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Driving Curiosity at EU Screen, Rome

November 12, 2010

It is now over a month ago, but I want to stop and note a fantastic conference, namely the First EU screen conference on content selection and contextualization.  Not only was it at Cinecitta in the amazing city of Rome (they also fed us the most opulent lunches I ever hope to have at the Hotel Majetic on the Via Veneto) but it was an exciting gathering of scholars, archivists and a range of other practitioners.

The central, simple and profound question – that goes beyond TV history – boils down to: what do we do with the past, especially now that it seems to be proliferating?  The answers and questions that flowed out of this were intriguing in their range – from a question mentioned by Andrew Hoskins whether the youth of today (hard to use that phrase with a straight face) are less able to re-invent themselves now that past photos still circulate on social networking sites, to John Ellis’s ideas about how the vast archive of television history might be used for something other than ‘heritage’.  A full report can be found here.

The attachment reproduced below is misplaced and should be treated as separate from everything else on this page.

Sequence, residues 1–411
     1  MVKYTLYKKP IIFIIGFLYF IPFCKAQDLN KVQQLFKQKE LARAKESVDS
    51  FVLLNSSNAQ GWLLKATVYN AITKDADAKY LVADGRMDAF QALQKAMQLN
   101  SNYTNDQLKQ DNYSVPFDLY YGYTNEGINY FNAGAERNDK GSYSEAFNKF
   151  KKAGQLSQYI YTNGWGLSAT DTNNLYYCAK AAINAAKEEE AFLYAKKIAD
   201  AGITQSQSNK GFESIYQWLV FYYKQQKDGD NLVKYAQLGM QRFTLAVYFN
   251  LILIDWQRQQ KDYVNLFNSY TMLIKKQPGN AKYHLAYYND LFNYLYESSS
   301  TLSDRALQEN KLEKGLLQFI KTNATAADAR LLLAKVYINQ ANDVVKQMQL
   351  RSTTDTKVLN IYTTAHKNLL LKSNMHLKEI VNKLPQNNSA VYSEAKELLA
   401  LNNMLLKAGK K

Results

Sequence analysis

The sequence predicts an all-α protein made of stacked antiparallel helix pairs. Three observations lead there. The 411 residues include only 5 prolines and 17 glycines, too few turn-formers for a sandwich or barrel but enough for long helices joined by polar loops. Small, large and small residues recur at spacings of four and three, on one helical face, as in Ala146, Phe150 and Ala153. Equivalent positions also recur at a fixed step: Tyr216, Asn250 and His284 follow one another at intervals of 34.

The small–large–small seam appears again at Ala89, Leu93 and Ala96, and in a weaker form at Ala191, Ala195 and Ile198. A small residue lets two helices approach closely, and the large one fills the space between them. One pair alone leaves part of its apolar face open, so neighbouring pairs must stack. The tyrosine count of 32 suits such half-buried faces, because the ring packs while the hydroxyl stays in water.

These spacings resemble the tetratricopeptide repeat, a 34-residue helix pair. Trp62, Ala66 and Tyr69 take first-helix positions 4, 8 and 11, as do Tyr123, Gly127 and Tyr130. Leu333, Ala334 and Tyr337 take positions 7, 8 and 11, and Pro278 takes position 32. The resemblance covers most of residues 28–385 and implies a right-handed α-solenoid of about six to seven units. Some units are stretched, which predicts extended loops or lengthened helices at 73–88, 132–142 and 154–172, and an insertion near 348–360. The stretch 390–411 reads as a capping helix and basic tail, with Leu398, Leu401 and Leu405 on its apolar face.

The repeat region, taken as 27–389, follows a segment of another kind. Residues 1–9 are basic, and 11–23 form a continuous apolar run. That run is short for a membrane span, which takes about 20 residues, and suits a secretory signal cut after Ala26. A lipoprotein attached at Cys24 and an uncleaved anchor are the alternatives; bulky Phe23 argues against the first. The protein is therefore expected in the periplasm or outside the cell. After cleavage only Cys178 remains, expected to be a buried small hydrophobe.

My own stab at this, called “What’s the (European) story? Making sense of the digital heritage environment” was to wonder how to drive curiosity about the past on a broad level while at the same time still making available some of the interpretive skills and frameworks of those who engage with it on a scholarly level.  Practically speaking: how do we create online tools that can help make sense of the plenty?  In part I was presenting my current virtual exhibit project, and was thinking through a blog post by Nina Simon on the new role of experts and authroity in presenting information.  In my case I was also struck by a lovely example I found at the Dutch institute for Sound and Vision:  a 1965 episode of the Dutch  TV Dance party “Combo”, where the Swedish pop star Siw Malmkwist sings in German for a hall full of Dutch teenagers.  There are a lot of interesting stories there to tell (hell, there’s a whole research project in there) but how do we make the skills and knowledge available to help explore them?

This same theme also was a key issue raised in my own workshop a few weeks later (more on that soon….)

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